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Skeins of families moved from exhibit to exhibit in ‘We’re going on a bear hunt’ style crocodiles; from the Blacksmith shed (originally built in Grundisburgh)  and cart lodge filled with restored Romany caravans and a vintage Airstream that we coveted, to the Boby Building with its jangling steam belching giant engines, wheels higher than my head. Manned by cheery gentlemen wearing neckscarves and broad smiles, the children swarmed around these huge beasts of the road whilst around them lay sheds full of tractors, snowploughs and vintage cable laying equipment. In one corner of the shed could be found a child sized workshop complete with overalls hanging on pegs, mini hard hats and toy tool kits ready for junior handypeople. Interactivity is definitely encouraged here.

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The same applies to all the mini exhibitions which are well curated and expertly explained via information boards and have a go displays. The ‘Toys Past & Present’ has a primary coloured corner encouraging children to play and adults to write about their toy memories seguing into displays of home environments from the past- a 50′s sitting room and kitchen with textile patterns  reminiscent of those by iconic designer Lucienne Day; the atomic age, natural phenomena such as bark and the Memphis School all exerting their influence. A further display of a Victorian parlour, a kitchen and a bedroom contrasted with the obsession with plastic and modernism typical of the 50′s.

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Toys from the Past activity area

As we explored the site further, the discoveries were never ending. Inside Edgars Farmhouse with its bucolic and verdant garden and cutesy chocolate box exterior we found an interior stripped back to the architecture so as to tell the story of its construction. The first recorded owners of the farmhouse were John Adgor and his wife Ascelina. In 1346 they held nearly 40 acres of arable land, 1.5 acres of meadow, 1 acre of pasture, a rood of wood and 3 acres of alderwood in Combs. The farmhouse was saved from demolition in 1970 and reconstructed on the museum site. Built unusually in the style of an aisled hall with passing braces (as you’d more usually see in a church), there is an interactive cross brace joist for visitors to take apart and (attempt to) rebuild; a great way of deomonstrating how ingenious these simple construction techniques are.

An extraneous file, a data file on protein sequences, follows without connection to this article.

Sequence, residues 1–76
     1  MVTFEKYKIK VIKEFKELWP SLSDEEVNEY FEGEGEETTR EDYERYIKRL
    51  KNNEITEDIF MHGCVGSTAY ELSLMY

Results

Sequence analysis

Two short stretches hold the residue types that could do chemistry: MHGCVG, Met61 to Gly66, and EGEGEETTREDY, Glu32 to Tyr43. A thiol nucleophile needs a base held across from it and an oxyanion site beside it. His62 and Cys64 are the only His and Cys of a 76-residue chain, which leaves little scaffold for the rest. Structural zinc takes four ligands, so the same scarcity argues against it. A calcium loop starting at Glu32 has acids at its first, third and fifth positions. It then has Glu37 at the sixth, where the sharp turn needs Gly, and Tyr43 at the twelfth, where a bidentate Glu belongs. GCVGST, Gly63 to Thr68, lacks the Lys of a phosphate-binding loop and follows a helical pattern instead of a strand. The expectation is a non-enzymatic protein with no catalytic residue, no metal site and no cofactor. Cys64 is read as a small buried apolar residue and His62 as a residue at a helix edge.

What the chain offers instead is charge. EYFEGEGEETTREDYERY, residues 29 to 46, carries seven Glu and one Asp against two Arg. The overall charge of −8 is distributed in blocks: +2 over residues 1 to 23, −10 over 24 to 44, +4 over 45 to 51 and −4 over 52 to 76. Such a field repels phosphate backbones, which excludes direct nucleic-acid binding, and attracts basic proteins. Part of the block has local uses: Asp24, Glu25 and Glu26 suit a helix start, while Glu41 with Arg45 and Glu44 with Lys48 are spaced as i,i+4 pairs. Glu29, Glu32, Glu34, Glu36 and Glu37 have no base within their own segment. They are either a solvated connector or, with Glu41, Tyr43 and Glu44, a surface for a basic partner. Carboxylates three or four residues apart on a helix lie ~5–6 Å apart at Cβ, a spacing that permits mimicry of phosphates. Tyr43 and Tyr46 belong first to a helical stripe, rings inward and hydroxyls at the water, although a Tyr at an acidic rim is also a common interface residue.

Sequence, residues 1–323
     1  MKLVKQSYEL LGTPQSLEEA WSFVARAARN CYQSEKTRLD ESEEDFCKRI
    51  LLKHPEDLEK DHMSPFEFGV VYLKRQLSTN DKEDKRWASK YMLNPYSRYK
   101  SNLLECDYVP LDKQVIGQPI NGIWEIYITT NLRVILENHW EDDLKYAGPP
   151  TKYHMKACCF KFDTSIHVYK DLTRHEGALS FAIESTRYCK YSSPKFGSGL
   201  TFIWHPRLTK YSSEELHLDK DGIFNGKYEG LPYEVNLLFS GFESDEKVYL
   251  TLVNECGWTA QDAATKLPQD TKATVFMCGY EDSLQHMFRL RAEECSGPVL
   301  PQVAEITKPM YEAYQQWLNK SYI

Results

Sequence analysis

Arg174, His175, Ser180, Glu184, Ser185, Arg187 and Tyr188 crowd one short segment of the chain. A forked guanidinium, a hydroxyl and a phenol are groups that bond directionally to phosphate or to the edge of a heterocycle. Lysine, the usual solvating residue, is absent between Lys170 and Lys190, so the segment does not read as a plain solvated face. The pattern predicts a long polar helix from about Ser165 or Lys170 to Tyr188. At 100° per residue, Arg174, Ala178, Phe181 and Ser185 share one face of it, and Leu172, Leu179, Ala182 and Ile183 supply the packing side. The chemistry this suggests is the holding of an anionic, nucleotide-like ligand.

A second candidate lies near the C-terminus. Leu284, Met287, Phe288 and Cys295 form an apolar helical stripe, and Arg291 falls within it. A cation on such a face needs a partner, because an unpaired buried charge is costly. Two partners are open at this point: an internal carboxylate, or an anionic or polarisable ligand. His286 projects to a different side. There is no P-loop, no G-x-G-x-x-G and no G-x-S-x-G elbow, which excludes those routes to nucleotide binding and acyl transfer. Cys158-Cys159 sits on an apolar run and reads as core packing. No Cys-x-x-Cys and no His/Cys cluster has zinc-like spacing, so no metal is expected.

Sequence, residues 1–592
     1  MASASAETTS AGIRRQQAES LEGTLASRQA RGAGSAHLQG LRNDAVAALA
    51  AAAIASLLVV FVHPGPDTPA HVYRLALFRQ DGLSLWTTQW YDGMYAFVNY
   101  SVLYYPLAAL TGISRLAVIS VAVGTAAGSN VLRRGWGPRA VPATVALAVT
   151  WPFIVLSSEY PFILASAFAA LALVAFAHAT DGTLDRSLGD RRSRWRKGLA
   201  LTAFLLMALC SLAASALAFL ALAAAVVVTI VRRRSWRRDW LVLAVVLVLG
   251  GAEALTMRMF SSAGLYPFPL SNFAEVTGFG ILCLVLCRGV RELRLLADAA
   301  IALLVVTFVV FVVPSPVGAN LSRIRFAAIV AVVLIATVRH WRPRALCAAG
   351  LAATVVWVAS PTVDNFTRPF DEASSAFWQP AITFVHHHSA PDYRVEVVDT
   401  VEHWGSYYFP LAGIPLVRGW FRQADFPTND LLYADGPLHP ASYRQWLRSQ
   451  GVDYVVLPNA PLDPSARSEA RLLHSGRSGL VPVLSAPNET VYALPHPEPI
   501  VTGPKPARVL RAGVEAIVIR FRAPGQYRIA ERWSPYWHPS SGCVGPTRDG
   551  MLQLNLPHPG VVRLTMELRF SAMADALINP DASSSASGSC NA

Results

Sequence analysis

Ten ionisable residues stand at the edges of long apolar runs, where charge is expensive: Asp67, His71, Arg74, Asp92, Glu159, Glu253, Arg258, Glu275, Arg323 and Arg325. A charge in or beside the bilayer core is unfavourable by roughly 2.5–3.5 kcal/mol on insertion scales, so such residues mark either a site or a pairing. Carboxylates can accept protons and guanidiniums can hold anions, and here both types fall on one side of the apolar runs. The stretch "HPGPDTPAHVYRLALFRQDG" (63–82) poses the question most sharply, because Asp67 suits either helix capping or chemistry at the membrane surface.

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The Alton water mill was packed with things to read, look at and explore from bowls of different grains to an actual grindstone where we could add wheat and grind our own flour as shafts of sunlight highlighted the dust motes floating in the breezes. The mill works on water pumped up from the Rattlesden river and although no longer in commercial operation, is regularly operated for demonstrations.

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The tin tabernacle

Especially charming was the Moulton Chapel- a tin tabernacle, the ‘flatpack’ style of chapel often found in East Anglia, Wales and the West Country and of no affiliated Protestant denomination. Containing an empty baptismal total immersion pool, a side room used for Sunday School with tiny ladderback chairs, little hymn books and its humble, pared back vibe, it serves as a reminder that faith requires no adornment. The tabernacle was home to ‘Tell it to the Bees’- an mini installation demonstrating why bees are an important part of English folklore and why these traditions still echo through to today. No creature has provided man with so much wholesome food; nor has any inspired so many beliefs and superstitions. Bees, hives, and beekeepers appear in paintings and sculpture, on coins, jewelry, and Mayan glyphs; and carved into African tree trunks. The Greeks called amber Electron, and associated it with the Sun God Elector, who was known as the awakener. Honey, which resembles amber, was also known as an awakener, a regenerative substance that was revered across the ancient world. The resemblance of honey with amber led to the Bees exalted status amongst ancient man and secured its favor over other fossilized insects